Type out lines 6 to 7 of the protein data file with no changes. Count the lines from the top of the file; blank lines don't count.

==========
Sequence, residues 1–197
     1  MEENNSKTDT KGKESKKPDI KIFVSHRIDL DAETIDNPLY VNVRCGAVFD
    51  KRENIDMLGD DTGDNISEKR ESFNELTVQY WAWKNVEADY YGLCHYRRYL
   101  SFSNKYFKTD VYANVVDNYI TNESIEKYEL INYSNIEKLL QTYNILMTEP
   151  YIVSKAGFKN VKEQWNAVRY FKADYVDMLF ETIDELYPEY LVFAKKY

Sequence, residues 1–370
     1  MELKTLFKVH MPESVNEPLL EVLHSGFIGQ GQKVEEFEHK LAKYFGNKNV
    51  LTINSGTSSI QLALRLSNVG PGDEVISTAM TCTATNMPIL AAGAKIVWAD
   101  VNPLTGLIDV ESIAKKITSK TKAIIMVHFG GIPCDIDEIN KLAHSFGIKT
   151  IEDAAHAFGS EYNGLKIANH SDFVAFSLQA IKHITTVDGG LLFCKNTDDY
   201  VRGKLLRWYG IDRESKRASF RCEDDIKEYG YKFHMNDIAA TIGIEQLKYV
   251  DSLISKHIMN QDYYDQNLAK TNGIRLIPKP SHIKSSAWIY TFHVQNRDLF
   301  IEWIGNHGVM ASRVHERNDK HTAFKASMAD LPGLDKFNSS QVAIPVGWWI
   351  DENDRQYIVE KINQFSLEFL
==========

Sequence, residues 1–370
     1  MELKTLFKVH MPESVNEPLL EVLHSGFIGQ GQKVEEFEHK LAKYFGNKNV